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Biogeosciences

The Panamanian Isthmus is not entirely guilty after all!

The Panamanian Isthmus is not entirely guilty after all!

 

“According to new research, the land bridge connecting Central and South America rose more than 10 million years earlier than originally thought”

 

Traditionally, closure of the Panama Isthmus has been deemed responsible for the co-occurrence of two major events: The large Pleistocene glaciations and the Great American Biotic Interchange (GABI). Existing evidence indicating a casual relation is controversial, mainly because the difficulty on establishing a precise chronology of closure. Results of a recent publication in Science by Montes and colleagues [1] suggest that closure of the Isthmus was not related to these events. What’s more, these results seem to suggest that the beginning of the major glaciations could actually be the cause of the GABI.

According to this research, closure of the Central American seaway could have happened more than 10 million years (Ma) earlier than originally thought. New evidence relies on cartography, provenance analyses and detrital zircon geochronology. Detrital zircons ages were used to constrain the age of deposition of the host sediment, reconstruct provenance, and, more importantly, characterize source regions. In the northwestern margin of South America, there are several mountain ranges that contain ancient zircons formed under different tectonic settings. However, zircons between 30 and 40 Ma can only be found along the Panamá region. This signature serves as a distinctive Panamanian fingerprint. These Panamanian zircons were found in fluvial and coastal sediments accumulated 15 Ma along the northwestern Colombian region. It is therefore inferred that there were rivers bringing Panamanian rock fragments and crystals from Panama to shallow marine basins of northern South America at that time. A river connecting these two land-masses negates the presence of the Central American seaway. As a result, the flow of deep and intermediate Pacific waters into the Caribbean Sea would be severed. Caribbean-Pacific water exchange could still occur through narrow, shallow, and transient channels that could fragment the emerged land.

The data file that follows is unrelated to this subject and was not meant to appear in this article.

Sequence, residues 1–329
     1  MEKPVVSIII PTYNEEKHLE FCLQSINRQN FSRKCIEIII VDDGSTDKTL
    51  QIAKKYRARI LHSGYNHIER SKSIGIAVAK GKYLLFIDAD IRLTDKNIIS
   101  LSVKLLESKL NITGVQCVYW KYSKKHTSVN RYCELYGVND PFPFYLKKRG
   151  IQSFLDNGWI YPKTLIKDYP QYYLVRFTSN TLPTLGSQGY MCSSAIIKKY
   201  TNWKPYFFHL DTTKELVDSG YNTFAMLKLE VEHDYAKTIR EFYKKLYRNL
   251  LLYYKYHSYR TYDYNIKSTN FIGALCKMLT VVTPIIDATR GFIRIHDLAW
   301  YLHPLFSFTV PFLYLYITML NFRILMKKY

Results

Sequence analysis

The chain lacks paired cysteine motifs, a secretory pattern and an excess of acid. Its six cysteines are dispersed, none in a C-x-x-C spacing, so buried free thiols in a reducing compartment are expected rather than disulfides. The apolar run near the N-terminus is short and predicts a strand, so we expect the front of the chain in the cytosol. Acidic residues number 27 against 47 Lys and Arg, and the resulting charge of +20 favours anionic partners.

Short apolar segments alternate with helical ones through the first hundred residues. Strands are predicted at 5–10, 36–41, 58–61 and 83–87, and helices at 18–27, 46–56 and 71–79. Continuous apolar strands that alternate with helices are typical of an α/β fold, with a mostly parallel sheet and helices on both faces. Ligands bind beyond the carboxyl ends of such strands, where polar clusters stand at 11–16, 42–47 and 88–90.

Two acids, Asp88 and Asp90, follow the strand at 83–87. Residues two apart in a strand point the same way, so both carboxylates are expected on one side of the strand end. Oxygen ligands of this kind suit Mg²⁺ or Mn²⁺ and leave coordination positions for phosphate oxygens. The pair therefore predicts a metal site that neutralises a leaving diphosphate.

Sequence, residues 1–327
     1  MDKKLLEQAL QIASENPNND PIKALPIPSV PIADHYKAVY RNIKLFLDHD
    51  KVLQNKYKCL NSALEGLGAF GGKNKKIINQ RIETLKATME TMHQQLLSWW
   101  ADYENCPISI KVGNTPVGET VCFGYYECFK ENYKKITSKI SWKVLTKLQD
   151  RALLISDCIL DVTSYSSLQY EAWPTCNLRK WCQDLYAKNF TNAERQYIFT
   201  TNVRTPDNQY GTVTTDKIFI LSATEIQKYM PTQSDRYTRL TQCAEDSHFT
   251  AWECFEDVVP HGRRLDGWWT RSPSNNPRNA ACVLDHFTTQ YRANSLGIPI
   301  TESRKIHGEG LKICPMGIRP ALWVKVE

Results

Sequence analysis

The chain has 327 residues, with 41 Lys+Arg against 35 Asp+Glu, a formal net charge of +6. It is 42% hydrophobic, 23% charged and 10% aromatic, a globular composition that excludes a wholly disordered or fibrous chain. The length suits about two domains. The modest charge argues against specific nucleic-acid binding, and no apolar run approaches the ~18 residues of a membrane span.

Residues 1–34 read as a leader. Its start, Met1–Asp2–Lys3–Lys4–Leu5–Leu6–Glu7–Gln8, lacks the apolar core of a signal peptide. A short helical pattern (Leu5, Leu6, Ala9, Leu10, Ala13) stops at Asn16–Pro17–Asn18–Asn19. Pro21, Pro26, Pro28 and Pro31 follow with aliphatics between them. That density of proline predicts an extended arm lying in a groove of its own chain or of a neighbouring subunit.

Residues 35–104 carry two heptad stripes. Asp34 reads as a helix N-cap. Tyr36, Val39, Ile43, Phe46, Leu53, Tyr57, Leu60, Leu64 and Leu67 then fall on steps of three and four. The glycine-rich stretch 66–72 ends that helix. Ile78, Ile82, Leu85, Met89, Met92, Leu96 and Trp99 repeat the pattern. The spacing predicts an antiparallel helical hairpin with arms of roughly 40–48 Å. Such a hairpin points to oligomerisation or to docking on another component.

Paleogeographic reconstruction of the connection between Central and South America around 13-15 Ma (Modified from Montes et al., 2015-Science)

Paleogeographic reconstruction of the connection between Central and South America around 13-15 Ma (Modified from Montes et al., 2015)

In light of this evidence, it seems that the biotic interchange and the Pleistocene glaciations may need new explanations. One interesting alternative could be that the biotic exchange occurred as a consequence of the onset of the glaciations. Such cold periods typically bring drier conditions and promote the development of savannah-type vegetation corridors in Central and South America. These corridors, along with falling sea-levels results of more ice trapped in continental glaciers, could have finally allowed the massive crossing of mammals. If this is the case, several questions open up. For instance, what triggered the glaciations? Or, when was the onset of the modern thermohaline circulation?

Panamanian rocks outcropping along the Pacora River. These rocks were studied in detail for understanding the origin of the zircons present in sedimentary rocks along the northwestern South America margin. Photo Courtesy: Camilo Montes

Panamanian rocks outcropping along the Pacora River. These rocks were studied in detail for understanding the origin of the zircons present in sedimentary rocks along the northwestern South America margin (credit: Camilo Montes)

 

[1] Montes et al., (2015). Middle Miocene closure of the Central American Seaway. Science, 348(6231), 226-229. DOI: 10.1126/science.aaa2815, http://www.sciencemag.org/content/348/6231/226.full.pdf

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Diana Ochoa wrote this blog post. Prof. Dr. Camilo Montes, who was the PI of the research leading to these results, edited and verified its scientific content.

Camilo Montes is a professor part of the Geosciences Department at Universidad de los Andes in Colombia
cmontes@uniandes.edu.co, http://wwwprof.uniandes.edu.co/~cmontes/

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Diana Ochoa is a last year PhD student at the University of Salamanca in Spain (USAL). Diana´s main interest focuses on dating the rocks by using terrestrial and marine microfossils (biostratigraphy). Currently, she is investigating the evolution of the biota and sedimentary settings from the western Mediterranean Sea during the Messinian Salinity Crisis-MSC.

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